The D.C. Parole Board announced yesterday it will rescind a year-old policy requiring mandatory revocation of parole for those who test positive for the drug PCP, a highly controversial move that the board chairman said would bring modest relief to the city's crowded prisons.
The board has also decided to send some parole violators to halfway houses instead of prison and to hold hearings before revoking parole in borderline cases, according to Chairwoman Gladys Mack.
Mack said the existing rules were overly restrictive and forced the board to cancel parole for some who had stable family lives and good jobs, but who slipped up on a single occasion.
The board's new rule on PCP users, effective Monday, was praised by the city's Public Defender Service, but sparked immediate criticism from U.S. Attorney Joseph E. diGenova and Sen. Arlen Specter (R-Pa.), who has taken a special interest in the city's prison policies.
"It's an utter disgrace," diGenova said. "It simply ignores the reality of what this drug does . . . . PCP users are violent, they are dangerous, they kill people . . . . It's undefensible."
DiGenova said he had "no doubt" the board's action was primarily designed to open up spaces in the city's crowded prisons. Officials' concern about the crowding was heightened this month after an uprising and fire at Lorton Reformatory left 32 persons injured.
Specter, chairman of the Senate Appropriations subcommittee on the District, said his panel would "take a close look at what the parole board has done here."
"I believe it's unwise. I don't think they ought to be moving in a more lax direction," Specter said.
Mack said the board's action was not prompted by the prison crowding crisis, although she said the board wants to do "anything we can do that would help in population problems without compromising our responsibility."
Mack said the board decided about a year ago to adopt a strict rule revoking parole for anyone who fails a single urine test designed to show PCP use, because of a perception that PCP users were more likely than other drug users to commit crimes. The board considers other factors before canceling parole for individuals who test positive for cocaine and heroin use.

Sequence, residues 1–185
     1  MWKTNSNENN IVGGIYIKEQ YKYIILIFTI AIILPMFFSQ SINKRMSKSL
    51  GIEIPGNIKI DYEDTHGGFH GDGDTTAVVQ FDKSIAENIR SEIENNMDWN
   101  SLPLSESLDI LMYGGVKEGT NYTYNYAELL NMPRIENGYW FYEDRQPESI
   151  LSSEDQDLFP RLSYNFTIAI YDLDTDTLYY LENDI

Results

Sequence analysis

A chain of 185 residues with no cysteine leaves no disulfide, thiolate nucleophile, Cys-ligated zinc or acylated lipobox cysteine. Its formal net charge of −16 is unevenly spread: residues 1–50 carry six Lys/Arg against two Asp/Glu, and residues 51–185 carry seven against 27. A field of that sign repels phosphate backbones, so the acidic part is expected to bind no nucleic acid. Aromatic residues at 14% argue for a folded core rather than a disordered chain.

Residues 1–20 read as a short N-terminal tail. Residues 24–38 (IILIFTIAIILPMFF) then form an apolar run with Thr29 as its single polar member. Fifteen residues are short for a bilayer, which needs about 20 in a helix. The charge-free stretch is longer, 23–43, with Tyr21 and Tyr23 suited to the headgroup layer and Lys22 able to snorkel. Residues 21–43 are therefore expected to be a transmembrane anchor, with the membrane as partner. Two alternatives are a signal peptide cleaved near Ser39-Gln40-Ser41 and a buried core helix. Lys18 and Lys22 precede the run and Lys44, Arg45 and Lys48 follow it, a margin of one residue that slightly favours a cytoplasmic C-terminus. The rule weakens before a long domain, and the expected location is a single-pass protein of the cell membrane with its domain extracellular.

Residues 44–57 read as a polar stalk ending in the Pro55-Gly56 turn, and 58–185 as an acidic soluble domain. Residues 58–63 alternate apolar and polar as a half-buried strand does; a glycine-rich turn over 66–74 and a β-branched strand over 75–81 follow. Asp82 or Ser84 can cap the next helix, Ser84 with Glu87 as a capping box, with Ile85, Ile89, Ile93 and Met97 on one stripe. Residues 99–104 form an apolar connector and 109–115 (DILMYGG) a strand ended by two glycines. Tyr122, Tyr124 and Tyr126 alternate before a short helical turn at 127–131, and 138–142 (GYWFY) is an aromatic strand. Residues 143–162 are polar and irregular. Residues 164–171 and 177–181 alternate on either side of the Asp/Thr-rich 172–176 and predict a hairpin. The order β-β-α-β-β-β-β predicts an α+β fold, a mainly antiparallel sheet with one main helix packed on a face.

However, Mack said statistics gathered by the board did not seem to buttress the argument "that this action would be a real serious deterrent to crime." The board sent 146 parolees who violated the PCP rule back to prison in the last nine months, yet the number of parole revocations because of arrests or convictions for new crimes remained about the same as before, Mack said.
"If you saw a big drop, you'd say, 'Aha, the rule is working' . . . but we didn't," she said.
DiGenova dismissed Mack's explanation as "utterly incomprehensible."
"They have no idea how many crimes these people are committing. It's the kind of overanalyzing that goes on when people are trying to justify something that is plainly unwise and silly," he said.
The board's decision also was based on the opening of a new 20-bed drug detoxification unit on the grounds of D.C. General Hospital, which can be used partly for parolees found using PCP, according to Mack.
If that unit is full, Mack said, parolees who fail their urine tests may be assigned to outpatient treatment, although the city's outpatient clinics already have long waiting lists.
Mack said that board officials had not yet determined the number of parole violators who could be sent to halfway houses instead of prison. The city's halfway houses already are flooded with inmates and operate at 20 to 50 percent above capacity.
City Administrator Thomas M. Downs said, however, that the overcrowding at the halfway houses should improve because the city will soon open 120 more beds and plans further expansions this fall.
Mack said the board's decision to hold hearings in borderline cases will help ensure that only those parolees who need to be in prison return there.
Mack said the members of the board, which was criticized by Specter and others several years ago for overly lax parole standards, felt that they had given up too much discretion in deciding when to revoke parole.
"You need to look at the individual case," she said. "We needed a variety of remedies because we run into a variety of situations. What we're concerned about is one's total adjustment to the community."
Cheryl Long, director of the Public Defender Service, said in a statement that she was "pleased" that the board was changing its "draconian policy" on parolees who test positive for PCP use.
The rule "has not worked to the benefit of the community insofar as it results in the arbitrary incarceration of people who are not a tangible danger to others," Long said